I grew up with water. Not in the sense of water sports, just in the sense that in the neighborhood communities of my Florida and Georgia youth, water was the common denominator. Rain, thunderstorms, sunshowers. Humidity. Giant adventure waterparks. Pools. Ponds, lakes, streams and hours spent playing in the mud, building fords, wading and swimming. Avoiding water snakes and alligators. Catching crawdads. In Florida there was also the ocean, either the Atlantic or the Gulf, and the heavy, thick humidity, salty air and permeating smell of fish and sunscreen which is a constant in the touristy beach towns of the east coast.

My siblings and friends and I spent hours upon hours upon hours in the water. Sometimes boats entered the equation, usually power boating (and *trying* to fish) or the occasional canoe or kayak along the placid, slow-moving rives of the Southeast and Midwest. When I moved to Oregon in 1996, all of that water in my life got replaced by snow and skiing, rain and fog and the beauty of our coastline, but the swimming, the boating, the hours upon hours upon hours spent with water as part of the equation, vanished. The immersion disappeared.

I didn't realize how much I had missed it until recently.  Andy and I pretty officially have the kayaking bug.

There's a ton of water surrounding the greater Portland area, an entirely new way to explore and witness the world. The touristy, casual kayaking of my youth doesn't really apply to the kind of kayaking Andy and I want to do, so, in order to be safe about it, we recently participated in a full immersion sea kayaking course- fifteen hours over 2.5 days. We enjoyed it so much and learned enough that we signed up for a surf zone class the following weekend.

Unfortunately, this is a post without pictures because it's difficult to take pictures in such a dynamic environment. Part of the picture issue comes from not having a waterproof camera, and there was a whole lot of tossing oneself out of the boat in order to learn to get back in the boat (<= this is easier said than done). Even with the GoPro, in the case of the surf zone class there wouldn't have been much to see or hear (except me swearing a lot) or tumbling underwater. The surf zone class was a lot about learning that you are, in fact, Mother Nature's bitch and that yes, she will slap you around if she damn well feels like it. I have the beginnings of some pretty spectacular shiners on my hands and upper arms from that class.

In our case, Alder Creek's Full Immersion I (Sea Kayaking) course was taught by a Scotsman named Malcolm who's been paddling for over thirty years...the ease with which he sits and handles a boat made me occasionally want to throttle him. Strictly out of jealously, of course, but jealously and envy did tend to rear their ugly heads about the hundredth time I lost my balance off the kayak (we were doing balance exercises designed to help you understand the boat's tipping points vs. stability- I thoroughly understand the tipping point) while Malcolm grinned like a Cheshire cat, casually perched on his tippy kayak with no problems whatsoever.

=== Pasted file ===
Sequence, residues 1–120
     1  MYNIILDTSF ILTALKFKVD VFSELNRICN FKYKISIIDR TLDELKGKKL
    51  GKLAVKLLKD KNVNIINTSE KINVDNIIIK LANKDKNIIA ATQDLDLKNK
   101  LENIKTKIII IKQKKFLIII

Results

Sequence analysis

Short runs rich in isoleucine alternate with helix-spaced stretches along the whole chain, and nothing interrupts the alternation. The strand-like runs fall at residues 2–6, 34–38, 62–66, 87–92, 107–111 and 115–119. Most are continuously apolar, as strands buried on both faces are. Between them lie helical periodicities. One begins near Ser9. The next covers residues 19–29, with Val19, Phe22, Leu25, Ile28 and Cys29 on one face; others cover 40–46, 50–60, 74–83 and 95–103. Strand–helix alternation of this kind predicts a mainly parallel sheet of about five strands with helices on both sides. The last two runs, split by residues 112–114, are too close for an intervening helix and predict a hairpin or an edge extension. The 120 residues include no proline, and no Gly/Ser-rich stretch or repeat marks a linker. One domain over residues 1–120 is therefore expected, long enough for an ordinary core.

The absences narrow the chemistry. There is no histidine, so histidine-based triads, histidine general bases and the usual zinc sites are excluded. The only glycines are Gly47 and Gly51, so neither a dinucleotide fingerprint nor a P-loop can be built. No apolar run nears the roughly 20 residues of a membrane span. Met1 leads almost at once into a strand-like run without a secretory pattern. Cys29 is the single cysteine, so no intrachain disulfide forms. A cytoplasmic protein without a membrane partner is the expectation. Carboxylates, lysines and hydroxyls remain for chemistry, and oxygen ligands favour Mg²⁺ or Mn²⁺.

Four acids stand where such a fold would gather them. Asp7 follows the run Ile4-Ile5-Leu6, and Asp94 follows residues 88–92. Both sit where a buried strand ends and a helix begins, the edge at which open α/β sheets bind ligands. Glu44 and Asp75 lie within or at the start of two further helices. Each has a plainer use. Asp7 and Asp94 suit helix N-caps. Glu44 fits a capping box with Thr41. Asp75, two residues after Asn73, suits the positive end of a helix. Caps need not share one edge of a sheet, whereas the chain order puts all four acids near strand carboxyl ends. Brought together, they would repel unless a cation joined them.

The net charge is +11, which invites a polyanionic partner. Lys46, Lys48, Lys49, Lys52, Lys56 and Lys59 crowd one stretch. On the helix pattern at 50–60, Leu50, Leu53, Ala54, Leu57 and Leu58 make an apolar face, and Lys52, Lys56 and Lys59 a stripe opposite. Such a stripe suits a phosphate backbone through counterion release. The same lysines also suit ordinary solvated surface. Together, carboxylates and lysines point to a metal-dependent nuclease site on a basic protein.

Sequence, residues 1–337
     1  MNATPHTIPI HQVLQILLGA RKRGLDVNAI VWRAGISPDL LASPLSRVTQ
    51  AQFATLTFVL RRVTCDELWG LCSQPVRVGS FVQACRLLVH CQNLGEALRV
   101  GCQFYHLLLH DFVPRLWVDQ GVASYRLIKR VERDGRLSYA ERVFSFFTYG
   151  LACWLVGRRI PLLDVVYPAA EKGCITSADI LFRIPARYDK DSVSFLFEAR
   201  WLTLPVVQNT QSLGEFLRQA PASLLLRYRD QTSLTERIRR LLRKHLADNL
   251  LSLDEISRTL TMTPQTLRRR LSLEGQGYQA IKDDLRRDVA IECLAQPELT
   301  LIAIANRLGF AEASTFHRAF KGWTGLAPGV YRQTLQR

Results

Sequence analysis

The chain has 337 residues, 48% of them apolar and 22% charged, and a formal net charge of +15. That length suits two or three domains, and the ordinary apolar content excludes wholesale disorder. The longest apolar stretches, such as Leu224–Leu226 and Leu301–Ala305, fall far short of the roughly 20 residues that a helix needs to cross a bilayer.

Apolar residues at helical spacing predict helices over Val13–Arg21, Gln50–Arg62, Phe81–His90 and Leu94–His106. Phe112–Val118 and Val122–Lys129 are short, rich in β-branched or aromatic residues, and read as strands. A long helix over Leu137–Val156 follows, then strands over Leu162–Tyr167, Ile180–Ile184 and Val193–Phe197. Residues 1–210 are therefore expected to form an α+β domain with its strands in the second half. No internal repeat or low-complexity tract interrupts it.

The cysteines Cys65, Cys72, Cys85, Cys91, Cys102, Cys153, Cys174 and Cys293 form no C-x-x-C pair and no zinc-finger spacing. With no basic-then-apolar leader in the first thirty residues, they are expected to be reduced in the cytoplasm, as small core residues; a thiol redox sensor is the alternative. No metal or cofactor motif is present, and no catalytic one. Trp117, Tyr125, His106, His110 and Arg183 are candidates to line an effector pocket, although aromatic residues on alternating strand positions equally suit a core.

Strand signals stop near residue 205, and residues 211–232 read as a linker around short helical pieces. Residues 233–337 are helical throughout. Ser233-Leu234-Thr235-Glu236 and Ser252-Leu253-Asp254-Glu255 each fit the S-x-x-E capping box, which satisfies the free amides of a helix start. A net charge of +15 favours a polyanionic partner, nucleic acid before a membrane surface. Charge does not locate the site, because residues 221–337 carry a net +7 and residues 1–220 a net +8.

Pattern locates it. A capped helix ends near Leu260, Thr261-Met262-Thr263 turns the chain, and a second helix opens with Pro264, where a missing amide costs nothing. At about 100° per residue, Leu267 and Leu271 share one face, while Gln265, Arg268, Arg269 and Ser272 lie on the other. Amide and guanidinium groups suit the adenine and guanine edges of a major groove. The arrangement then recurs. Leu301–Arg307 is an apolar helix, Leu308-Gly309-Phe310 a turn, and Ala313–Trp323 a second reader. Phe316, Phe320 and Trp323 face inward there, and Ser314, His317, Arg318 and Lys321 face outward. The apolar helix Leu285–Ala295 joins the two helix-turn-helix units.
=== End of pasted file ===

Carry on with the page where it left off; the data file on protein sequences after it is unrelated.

Dammit all, I will be able to do that some day.  

The course packs a ton of information into it from proper paddling technique to assisted and solo rescues. There are some basics of navigation, trip planning, weather proofing. I feel confident I can get out of a spray skirt now (yup, spent a lot of time underwater, my sinuses are really clear), and I learned a lot about currents, danger zones for kayakers on the water, basic waterway etiquette and proper gear.

The Surf Zone class was like a shortened version of the Full Immersion complete with Malcolm and one other instructor, Andrew-from-Wisconsin, except that it was like Full Immersion on steroids in a washing machine. Surf, rip currents, breakers, short squirrely boats and the icy cold Pacific submerged in fog make for a very different environment. I spent a lot of time underwater, getting my boat tossed over the top of me and generally getting all the arrogance smacked out of me. While I didn't do a lot (or really any, if I'm honest) *surfing* that day, I learned more about the environment of water and my comfort level than I have in a long, long while. At the end of the day, Andy finally caught one big wave in from the breaker zone all the way to the beach, his grin visible from 100 yards away. Cheshire cat. Apparently it's contagious.

For anyone looking to learn skills, I cannot recommend Alder Creek enough. There's a clear passion for the building of skills and a translation to safety and commitment to the world of water activities. I haven't met an instructor I didn't like yet. Paddle people are good people. I already can't wait to get in a boat again. [GRIN].  

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